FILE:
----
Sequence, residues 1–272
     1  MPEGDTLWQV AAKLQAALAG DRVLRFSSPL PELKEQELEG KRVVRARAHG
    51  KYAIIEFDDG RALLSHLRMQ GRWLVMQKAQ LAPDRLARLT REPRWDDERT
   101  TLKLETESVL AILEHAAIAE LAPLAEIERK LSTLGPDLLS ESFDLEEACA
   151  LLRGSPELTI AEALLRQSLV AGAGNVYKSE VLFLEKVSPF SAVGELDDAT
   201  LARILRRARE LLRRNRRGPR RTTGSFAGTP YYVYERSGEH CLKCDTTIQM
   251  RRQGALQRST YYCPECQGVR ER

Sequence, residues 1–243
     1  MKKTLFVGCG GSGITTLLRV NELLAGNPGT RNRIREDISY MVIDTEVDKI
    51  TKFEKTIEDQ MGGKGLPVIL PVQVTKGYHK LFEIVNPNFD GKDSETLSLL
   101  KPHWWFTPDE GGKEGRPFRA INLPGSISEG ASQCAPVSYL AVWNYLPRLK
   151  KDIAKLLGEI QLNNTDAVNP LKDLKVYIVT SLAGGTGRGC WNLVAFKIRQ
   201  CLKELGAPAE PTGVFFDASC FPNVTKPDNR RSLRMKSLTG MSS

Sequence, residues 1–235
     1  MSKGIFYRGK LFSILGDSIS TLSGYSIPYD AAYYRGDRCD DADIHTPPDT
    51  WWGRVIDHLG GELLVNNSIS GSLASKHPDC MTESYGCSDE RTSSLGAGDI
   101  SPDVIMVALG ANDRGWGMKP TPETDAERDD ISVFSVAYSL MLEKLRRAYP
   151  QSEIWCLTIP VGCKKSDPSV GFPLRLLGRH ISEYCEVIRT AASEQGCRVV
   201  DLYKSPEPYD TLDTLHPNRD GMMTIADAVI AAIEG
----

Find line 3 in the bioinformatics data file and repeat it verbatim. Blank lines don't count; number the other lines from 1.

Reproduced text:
    51  KYAIIEFDDG RALLSHLRMQ GRWLVMQKAQ LAPDRLARLT REPRWDDERT